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Topics about "aquatic" include:

  1. Viviparity in mosasaurs
    An exceptionally preserved gravid female of the aigalosaur Carsosaurus contains at least at least four advanced embryos […] Their orientation suggests that they were born tail-first […] to reduce the possibility of drowning, an adaptation shared with other other highly aquatic amniotes” M.W. Caldwell & M.S.Y. Lee (2001) Proceedings of the Royal Society of London B, vol. 268, p.2397

  2. Crustacean-trapping teeth in mesosaurs and crabeater seals
    The multi-lobed post-canines of Lobodon carcinophagus are a functional analogue to the long, thin cage-like teeth of Mesosaurus, as both cage and prevent the escape of small crustacean prey.

  3. Suction feeding in fish, amphibians, reptiles and aquatic mammals
    Probably everyone is familiar with the walrus, but did you know that it generates a vacuum in its mouth to suck clams out of their shells? And this is just one example of suction feeding, the feeding mode typically used by bony fish…

Topics containing the search term "aquatic" are:

  1. Agriculture in aquatic snails
    Termites and ants are famous for tending fungal gardens, but did you know that also a marine snail farms a fungus? And this is not the only example of agriculture in this group…

  2. Suction feeding in fish, amphibians, reptiles and aquatic mammals
    Probably everyone is familiar with the walrus, but did you know that it generates a vacuum in its mouth to suck clams out of their shells? And this is just one example of suction feeding, the feeding mode typically used by bony fish…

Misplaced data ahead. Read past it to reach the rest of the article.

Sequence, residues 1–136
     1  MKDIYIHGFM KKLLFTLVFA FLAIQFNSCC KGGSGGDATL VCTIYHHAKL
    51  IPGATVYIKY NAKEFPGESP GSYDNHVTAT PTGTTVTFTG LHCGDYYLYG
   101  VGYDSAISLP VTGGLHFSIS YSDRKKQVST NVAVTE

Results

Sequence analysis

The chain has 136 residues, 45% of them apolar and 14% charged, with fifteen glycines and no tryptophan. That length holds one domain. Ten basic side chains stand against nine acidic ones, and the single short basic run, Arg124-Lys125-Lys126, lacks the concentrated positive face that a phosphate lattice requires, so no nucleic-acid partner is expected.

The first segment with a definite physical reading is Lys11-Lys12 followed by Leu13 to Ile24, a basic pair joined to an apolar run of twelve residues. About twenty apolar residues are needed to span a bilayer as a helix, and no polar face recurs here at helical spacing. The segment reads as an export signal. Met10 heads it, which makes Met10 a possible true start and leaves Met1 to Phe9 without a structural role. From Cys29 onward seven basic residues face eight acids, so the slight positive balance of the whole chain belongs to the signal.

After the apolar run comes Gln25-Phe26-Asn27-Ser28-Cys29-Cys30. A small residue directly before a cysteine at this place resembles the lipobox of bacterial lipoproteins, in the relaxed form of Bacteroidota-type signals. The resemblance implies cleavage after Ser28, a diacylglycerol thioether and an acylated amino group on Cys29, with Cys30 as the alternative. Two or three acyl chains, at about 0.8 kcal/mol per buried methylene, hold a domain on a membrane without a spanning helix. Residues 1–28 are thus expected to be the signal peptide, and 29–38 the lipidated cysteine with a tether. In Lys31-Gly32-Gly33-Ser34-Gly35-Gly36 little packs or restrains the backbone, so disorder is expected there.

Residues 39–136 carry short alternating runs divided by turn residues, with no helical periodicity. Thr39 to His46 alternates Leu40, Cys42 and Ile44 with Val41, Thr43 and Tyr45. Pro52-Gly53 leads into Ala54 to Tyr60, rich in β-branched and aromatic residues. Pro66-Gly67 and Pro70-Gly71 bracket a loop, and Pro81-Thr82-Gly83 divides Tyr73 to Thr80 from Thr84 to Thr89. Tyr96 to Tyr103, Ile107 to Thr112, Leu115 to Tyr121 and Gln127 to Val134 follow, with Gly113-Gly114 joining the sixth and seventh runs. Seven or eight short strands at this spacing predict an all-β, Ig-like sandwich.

3. Teeth in aquatic reptiles
    Aquatic reptiles tend to display one of three dentition types, well adapted to either seize and slice large vertebrate prey, pierce and gouge slippery fish, or entrap small prey such as crustaceans.

  4. Monochromacy in mammals
    Underwater environments are dominated by blue light. Ironically, whales and seals cannot see blue, because they have independently lost their short-wavelength opsins.

  5. Carnivorous plants
    All plants are harmless? Well, not quite - at least not when you're an insect...

  6. Agriculture in dugongs
    When you think of grazing mammals, you might envisage large herds of antelopes roaming African savannahs. Did you know that there is an equivalent in the ocean, feeding on seagrass?

  7. Pressure sensitivity and the tactile sense (excluding the lateral line)
    The star-nosed mole is famous for, well, its nose, but do you have any idea what these peculiar 'tentacles' are for? The answer is rather touching and, of course, convergent...

  8. Secondary xylem (wood) in vascular plants
    Evolution of wood in plants as distantly related as lignophytes, Calamites and Lepidodendron is an elegant example of convergent evolution. Plants responded in a similar way to a need for better structural support as they diversified and increased in size.

  9. Xylem vessels in vascular plants